Jacqueline Wilson

Pre-teen me didn’t want to read about popular girls and their parties. I wanted to read about awkward girls – girls who had to escape from bad situations, girls who snogged their teachers. And so came my love for Jacqueline Wilson.

The Saturday afternoon trip to the library was the event of the week, when I’d come home proudly clutching my catch of the day – Midnight, The Lottie Project, The Diamond Girls – and would sit and devour them, refusing to look up until it was time to watch Louis Walsh wave his hands around manically on The X Factor.

Jacqueline Wilson went where other YA authors didn’t dare go. We learnt about Dolphin and her manic-depressive, alcoholic mum Marigold in The Illustrated Mum, the crippling pain of bereavement in Vicky Angel and My Sister Jodie, a domestically-abused mother who gets cancer in Lola Rose, and Elsa and her struggling, working-class family in The Bed and Breakfast Star. Instead of framing the stereotypically aspirational, popular, beautiful characters as the heroes, they were cast as the antagonists, leaving space for the underdogs to rise up.

In Love Lessons, Prue falls in love with her art teacher, a plotline that led to a puritanical tirade against the book. Wilson defended this unapologetically, saying ‘Why does a girl in my book snog a teacher? Because that is what girls fantasise about.’ She was on our side. We’ve all been there.

The Girls in Love series with Ellie, Magda and Nadine (name a more iconic trio, I dare you) drip-fed us our first titbits of knowledge and understanding about love and relationships. They talked about sex and drugs, unabashedly detailing the girls in the clubs with eyes like dinner plates. What’s more, the books truly showed the warmth that can be obtained from female friendships, as well as the conflicting attributes of all young women. Ellie, artsy and smart, was the perfect teen protagonist: she was witty and driven, yet insecure and jealous, she loved boys (and even fell for the pretentious sadboy, Russell – definitely a Pisces) and struggled with societal expectations and her weight. Wilson’s characters stepped right off the pages and into our hearts, leaving a mark as indelible as the Illustrated Mum’s tattoos.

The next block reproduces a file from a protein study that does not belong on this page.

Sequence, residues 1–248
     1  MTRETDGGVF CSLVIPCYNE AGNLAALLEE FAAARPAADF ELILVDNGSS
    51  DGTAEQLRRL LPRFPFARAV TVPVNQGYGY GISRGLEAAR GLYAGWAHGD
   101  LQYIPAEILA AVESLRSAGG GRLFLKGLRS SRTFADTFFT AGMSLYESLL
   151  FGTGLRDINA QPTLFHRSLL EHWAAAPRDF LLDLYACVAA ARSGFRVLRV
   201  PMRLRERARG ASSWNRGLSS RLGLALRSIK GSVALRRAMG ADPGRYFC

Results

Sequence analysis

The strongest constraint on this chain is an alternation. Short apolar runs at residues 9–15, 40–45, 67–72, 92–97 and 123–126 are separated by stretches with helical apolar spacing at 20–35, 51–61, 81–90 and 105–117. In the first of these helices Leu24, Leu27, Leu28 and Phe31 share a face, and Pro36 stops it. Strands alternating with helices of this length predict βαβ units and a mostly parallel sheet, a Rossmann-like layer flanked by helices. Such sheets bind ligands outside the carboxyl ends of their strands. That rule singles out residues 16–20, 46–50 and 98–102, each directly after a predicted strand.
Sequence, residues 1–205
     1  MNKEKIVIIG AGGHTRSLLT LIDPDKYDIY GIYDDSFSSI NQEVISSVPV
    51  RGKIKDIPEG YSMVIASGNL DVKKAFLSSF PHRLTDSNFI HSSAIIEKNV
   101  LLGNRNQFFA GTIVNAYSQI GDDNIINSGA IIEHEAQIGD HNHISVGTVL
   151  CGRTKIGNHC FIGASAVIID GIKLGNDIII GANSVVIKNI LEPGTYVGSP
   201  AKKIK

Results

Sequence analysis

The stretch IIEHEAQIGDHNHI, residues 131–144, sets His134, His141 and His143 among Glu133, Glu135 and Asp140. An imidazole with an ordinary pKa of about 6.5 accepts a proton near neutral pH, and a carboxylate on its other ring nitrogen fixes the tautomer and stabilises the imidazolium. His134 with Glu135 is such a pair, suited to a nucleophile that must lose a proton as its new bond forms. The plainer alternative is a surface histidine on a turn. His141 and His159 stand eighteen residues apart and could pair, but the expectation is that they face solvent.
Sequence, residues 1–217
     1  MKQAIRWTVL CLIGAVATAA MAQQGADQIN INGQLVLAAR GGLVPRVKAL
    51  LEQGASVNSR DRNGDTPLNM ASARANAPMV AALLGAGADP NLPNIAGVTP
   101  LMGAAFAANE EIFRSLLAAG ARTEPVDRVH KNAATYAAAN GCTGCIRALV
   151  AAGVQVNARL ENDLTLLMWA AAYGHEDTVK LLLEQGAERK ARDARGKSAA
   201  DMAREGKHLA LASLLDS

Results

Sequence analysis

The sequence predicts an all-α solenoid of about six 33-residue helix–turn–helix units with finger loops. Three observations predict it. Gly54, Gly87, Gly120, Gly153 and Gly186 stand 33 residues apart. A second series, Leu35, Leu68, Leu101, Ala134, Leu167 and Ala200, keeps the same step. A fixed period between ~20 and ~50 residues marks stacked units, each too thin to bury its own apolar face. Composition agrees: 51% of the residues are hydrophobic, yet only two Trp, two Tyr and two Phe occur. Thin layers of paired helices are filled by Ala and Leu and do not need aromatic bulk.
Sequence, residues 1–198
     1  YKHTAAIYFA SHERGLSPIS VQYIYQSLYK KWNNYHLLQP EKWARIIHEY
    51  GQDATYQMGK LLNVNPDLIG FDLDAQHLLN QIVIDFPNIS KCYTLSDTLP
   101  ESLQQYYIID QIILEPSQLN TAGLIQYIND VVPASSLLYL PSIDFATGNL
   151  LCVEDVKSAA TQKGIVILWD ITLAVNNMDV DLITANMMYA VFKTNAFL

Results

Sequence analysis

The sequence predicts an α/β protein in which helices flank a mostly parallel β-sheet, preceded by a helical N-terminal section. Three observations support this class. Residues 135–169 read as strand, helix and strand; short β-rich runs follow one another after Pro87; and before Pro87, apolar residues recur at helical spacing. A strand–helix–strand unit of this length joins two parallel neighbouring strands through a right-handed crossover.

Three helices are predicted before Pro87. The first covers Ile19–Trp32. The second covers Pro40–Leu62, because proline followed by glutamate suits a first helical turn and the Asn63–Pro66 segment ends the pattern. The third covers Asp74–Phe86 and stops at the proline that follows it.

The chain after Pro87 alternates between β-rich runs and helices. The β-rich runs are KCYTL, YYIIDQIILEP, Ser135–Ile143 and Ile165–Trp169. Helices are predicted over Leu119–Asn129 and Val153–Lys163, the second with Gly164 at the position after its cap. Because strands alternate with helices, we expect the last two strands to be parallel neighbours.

I’m pretty sure that the thousands of children around the country who were struggling with their parents’ divorce found comfort in The Suitcase Kid, building rapport with Andy and her to-ing and fro-ing between parents (although maybe not with her weird obsession with mulberries). The same goes with working class kids who read The Bed and Breakfast Star, in which Elsa’s mum was depressed, her dad was abusive, the family was homeless, yet she was able to find the light in every situation and was always cracking jokes. Or, even darker – if you had lost a family member to suicide, Tanya in Bad Girls might have been your only friend to lean on.

One of my favourite Jacqueline Wilson books was definitely Kiss. Shy Sylvie doesn’t know why her best friend Carl is becoming increasingly distant, and it eventually transpires that Carl is in fact gay, after he tells classmate Paul that he has a crush on him to heart-breaking results. Reading it aged 12, it was one of the first times I’d even heard of the concept of homosexuality outside of the odd, slightly forced reference on television. It explored the isolation and fear young people experience in grappling with their sexuality and coming out, as well as the importance of family and friends to show support throughout the process.

Thank you for everything, JW. I learnt more from your plucky, brilliant girls that I could have anywhere else.

Words: Steph Green